A letter to Liz Truss and Rishi Sunak asking them to support a public right to housing, food, and income.
News | 31.08.22
Around 50 charities, academics and campaigners have written to Conservative leadership contenders Liz Truss and Rishi Sunak asking them to support a public right to housing, food, and income.
The letter, organised by Compassion in Politics and JustFair UK, has been written as forecasters predict UK inflation will hit 18% next year and companies warn of “catastrophic” energy prices, calls for “era-defining solutions” to the cost-of-living crisis.
It argues that the offers of one-off payments to households, while welcome, will do nothing to fix the structural problems facing the UK economy including rising prices, falling wages, and insufficient social security payments.
The letter reads:
The cost-of-living crisis represents an era-defining challenge that demands era-defining solutions.
Right now, people are experiencing extreme hardship and anxiety. Each month, more than two million people are going without food for a whole day.1 Children are having to forego meals and new clothes for school. Almost half of disabled people have had to cut back on buying essentials.2
We were pleased that, in response, the UK Government oered support packages to help individuals towards the cost of energy.
But much more needs to be done.
Payments, though welcome in the short-term, will not address the long-term problems aecting our economy: low-wages, insucient social security support, and escalating costs.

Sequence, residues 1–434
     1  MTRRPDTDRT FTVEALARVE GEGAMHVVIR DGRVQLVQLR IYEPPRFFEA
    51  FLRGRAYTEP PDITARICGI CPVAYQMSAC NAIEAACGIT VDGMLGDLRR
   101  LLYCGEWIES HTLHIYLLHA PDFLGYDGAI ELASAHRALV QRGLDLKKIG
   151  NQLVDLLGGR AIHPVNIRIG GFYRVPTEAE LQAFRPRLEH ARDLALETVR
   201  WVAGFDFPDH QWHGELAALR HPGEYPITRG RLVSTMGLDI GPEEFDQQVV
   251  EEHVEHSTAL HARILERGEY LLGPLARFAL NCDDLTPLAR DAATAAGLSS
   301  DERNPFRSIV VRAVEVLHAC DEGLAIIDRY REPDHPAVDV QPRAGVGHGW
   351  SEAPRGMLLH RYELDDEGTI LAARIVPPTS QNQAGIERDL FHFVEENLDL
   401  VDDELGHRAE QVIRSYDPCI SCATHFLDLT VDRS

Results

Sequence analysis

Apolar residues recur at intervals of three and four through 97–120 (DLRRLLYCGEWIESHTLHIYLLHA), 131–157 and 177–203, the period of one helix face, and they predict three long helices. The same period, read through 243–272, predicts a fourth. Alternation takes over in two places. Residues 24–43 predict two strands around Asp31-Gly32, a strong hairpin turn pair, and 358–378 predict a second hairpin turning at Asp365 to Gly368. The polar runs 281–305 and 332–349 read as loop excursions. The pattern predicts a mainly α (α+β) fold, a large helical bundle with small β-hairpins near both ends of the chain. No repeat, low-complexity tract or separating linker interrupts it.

Despite the challenges, the resources are there to ensure everyone can lead a decent, safe, and prosperous life. Just as households struggle to pay their bills, energy companies have announced record profits.
This is about choices and priorities. We urge you to prioritise support for those who need it.
One simple mechanism could make a big dierence: enhancing the status of economic, social, and cultural rights in UK law and policy. By this, we mean, particularly, the right to housing and food as part of an adequate standard of living, the right to education, the right to health, and the right to social security.
These protections, which we have committed to at an international level via the United Nations Covenant on Economic, Social, and Cultural Rights, are yet to be formally introduced into domestic legislation.3
Successive UK governments have been urged to address this deficit. In 2004, for example, the Joint Committee on Human Rights concluded there was an urgent case for “incorporating guarantees of the Covenant rights into UK law” 4 and in 2016 the United Nations’ own Committee on Economic, Social, and Cultural wrote to the UK urging “the State party to fully incorporate the Covenant rights into its domestic legal order.” 5
Now, as hardship bites, is the time to amend this oversight.
Introducing these protections would ensure everyone gets access to the basics they need: shelter, food, and an income that can meet the cost of living.
Not only would that help to end avoidable suering, it would also enhance our collective freedom. With those protections in place, we would all experience the confidence and security necessary to plan and work towards a better future.
The prospect of navigating the oncoming crisis is understandably daunting. But it can be done. There is enough wealth out there to ensure that everyone is fed, housed, and has the power to lead a good and decent life. We just need the right structures and frameworks in place to achieve that ambition. We need economic, social, and cultural rights.
3. A draft Bill to achieve this ambition: https://research.ncl.ac.uk/article22/consultation/2%20Bill%20with%20footnotes.pdf
5. http://docstore.ohchr.org/SelfServices/FilesHandler.ashx?enc=4slQ6QSmlBEDzFEovLCuW3XRinAE8KCBFoqOHNz% 2FvuCC%2BTxEKAI18bzE0UtfQhJkxxOSGuoMUxHGypYLjNFkwxnMR6GmqogLJF8BzscMe9zpGf TXBkZ4pEaigi44xqiL
To view the list of signatories and read more visit Compassion in Politics at: